One cautionary outcome from the study indicates that the green infrastructure effectiveness declines during the extreme flood events due to interventions exceeding capacity and water ponding upstream in catchments. In fact, despite large improvements attributed to interventions, it is apparent that significant damage costs remain across all scenarios. This emphasises the need for a variety of intervention options, including measures to mitigate hazards, such as those explored here, alongside adaption and coping mechanisms to boost resilience amongst affected communities, infrastructure and services [8]. This corroborates with literature supporting that green infrastructure, or by extension any medium volume distributed intervention, does have a finite capacity and therefore an effectiveness tipping point [25,60]. These tipping points are crucial to identify within flood management due to the likelihood of climate change increasing the intensity of future storms, thus reducing the level of protection identified during intervention design. The implication is that resistance based interventions alone are insufficient to guard against future flood damage [8]. Instead, these strategies should be considered as one component of an inclusive urban water management strategy which includes conventional infrastructure for everyday drainage, distributed and connected catchment wide solutions for managing design storms and community led flood resilience measures to cope with the inevitable events which exceed the capacities of even aspirational catchment wide intervention strategies.
In terms of translating these findings into actionable guidelines, our preliminary analysis indicates a strong potential for urban greening and rainwater capture to be integrated across the San Francisco Bay Area, in particular through targeting counties of Alameda, Santa Clara and San Francisco where benefits appear particularly high. Both strategies exhibit promise for managing design standard events, but should be complemented with additional community resilience strategies to prepare for extreme flooding which exceeds intervention capacities. All strategies present significant and similar benefits, however further research is recommended to examine whether novel technology can be developed to provide additional ecosystem services.
The consistency of these findings across the spatially diverse regional study area is promising for similar approaches to be investigated across other conurbations, however we caution that this kind of exploratory regional analysis should only be applied to inform and evidence next steps in coordinating decision support and is unsuitable to replace the detailed modelling and comprehensive cost benefit analysis which should form the basis of full strategy design.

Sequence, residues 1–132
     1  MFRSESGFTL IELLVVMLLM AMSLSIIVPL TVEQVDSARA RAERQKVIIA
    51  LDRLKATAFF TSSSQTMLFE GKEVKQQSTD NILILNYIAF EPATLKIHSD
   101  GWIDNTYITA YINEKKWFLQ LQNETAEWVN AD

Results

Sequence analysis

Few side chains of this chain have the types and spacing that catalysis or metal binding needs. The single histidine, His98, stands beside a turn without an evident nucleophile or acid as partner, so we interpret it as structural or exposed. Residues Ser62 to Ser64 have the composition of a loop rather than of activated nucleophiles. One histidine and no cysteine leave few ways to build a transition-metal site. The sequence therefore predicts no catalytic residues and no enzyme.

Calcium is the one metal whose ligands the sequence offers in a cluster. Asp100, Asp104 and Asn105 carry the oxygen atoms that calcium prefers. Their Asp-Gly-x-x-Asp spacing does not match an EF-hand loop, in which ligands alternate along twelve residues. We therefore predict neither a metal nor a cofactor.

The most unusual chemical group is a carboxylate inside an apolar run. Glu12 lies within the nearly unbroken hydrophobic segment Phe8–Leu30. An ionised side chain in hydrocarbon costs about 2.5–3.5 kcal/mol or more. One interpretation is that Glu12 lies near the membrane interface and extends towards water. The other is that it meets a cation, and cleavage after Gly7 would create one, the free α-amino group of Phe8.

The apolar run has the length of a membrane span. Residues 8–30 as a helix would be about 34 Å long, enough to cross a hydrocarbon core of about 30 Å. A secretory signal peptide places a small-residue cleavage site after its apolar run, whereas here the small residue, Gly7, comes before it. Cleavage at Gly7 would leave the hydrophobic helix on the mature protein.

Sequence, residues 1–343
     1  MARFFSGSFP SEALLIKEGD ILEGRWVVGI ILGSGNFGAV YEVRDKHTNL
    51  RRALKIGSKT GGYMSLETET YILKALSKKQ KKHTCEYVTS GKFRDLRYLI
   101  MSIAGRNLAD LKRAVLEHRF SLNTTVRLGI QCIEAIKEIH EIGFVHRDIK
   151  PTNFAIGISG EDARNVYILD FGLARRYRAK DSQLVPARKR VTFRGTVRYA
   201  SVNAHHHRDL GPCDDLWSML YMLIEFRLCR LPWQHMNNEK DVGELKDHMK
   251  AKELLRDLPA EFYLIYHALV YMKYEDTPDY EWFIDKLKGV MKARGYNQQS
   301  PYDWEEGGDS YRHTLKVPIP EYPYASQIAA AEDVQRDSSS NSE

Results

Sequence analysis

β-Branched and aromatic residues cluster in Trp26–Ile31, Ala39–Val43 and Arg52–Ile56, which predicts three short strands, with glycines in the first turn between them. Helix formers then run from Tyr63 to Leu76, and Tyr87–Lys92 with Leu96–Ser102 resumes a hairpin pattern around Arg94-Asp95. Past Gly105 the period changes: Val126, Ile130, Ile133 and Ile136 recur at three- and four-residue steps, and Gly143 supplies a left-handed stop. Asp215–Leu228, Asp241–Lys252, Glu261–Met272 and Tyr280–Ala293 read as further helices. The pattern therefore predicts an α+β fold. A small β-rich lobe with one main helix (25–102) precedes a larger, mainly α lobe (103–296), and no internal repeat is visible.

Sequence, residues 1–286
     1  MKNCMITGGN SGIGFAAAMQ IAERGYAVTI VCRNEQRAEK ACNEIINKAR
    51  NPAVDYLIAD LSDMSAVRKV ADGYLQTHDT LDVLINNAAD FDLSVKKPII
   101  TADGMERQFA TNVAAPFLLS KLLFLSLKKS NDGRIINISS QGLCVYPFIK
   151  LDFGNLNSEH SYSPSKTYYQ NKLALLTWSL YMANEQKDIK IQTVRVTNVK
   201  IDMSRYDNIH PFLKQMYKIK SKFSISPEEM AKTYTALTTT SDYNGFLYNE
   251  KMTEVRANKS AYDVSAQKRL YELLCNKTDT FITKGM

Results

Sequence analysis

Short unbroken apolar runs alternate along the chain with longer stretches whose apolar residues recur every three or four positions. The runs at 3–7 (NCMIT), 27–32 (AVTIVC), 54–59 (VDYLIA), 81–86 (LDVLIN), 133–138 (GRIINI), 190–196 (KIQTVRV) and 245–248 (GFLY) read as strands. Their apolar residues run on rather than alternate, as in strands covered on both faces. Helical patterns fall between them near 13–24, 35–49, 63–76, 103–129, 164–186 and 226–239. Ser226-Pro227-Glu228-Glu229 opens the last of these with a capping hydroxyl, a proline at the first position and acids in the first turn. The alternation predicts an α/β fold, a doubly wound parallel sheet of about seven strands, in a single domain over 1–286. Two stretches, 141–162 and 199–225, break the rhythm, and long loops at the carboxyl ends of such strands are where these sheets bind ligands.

5. Conclusions

This research successfully implements an approach for scenario exploration early in the landscape management design process. Application of easily accessible data and rapid modelling generates a methodology which can be applied to provide baseline information on regional stormwater flood risk mitigation, in combination with existing detailed approaches. The regional perspective connects catchment scale opportunities for water management, enhancing opportunities for distributed natural flood interventions, which research supports as effective measures to reduce urban flooding.
Even though a preliminary and exploratory approach, the study highlights the potential for significant stormwater benefits from regional application of green infrastructure, with application across some counties demonstrating up to a 92% reduction in flood damages during a 25-year flood event. Despite being a high-level analysis, understanding the potential of measures at a preliminary stage in design is a useful tool to motivate and engage multi-disciplinary stakeholders towards considering opportunities for regional scale stormwater management.
This study focuses on the stormwater element of ecosystem services, it is recommended that the next step is to integrate this approach within existing ecosystem services evaluation frameworks, with the aim of developing a comprehensive initial assessment of ecosystem benefits which can inform regional landscape planning. It is also recommended that future research evaluate uncertainties associated with the rapid modeling approach and how rapid screening and detailed site-scale models can be integrated to develop effective, inclusive and informed landscape management from initial regional scale screening through to site-focused implementation.

Author Contributions

Conceptualisation, J.L.W. and P.H.; methodology, J.L.W., M.B., D.L. and P.H.; software, M.J.G.; validation and formal analysis, J.L.W., M.B. and P.H.; writing—original draft preparation, All; writing—review and editing, All; visualisation, J.L.W., M.B. and P.H.; supervision, D.B., D.L., G.F. and P.H.; funding acquisition, J.L.W., D.B., D.L., G.F. and P.H. All authors have read and agreed to the published version of the manuscript.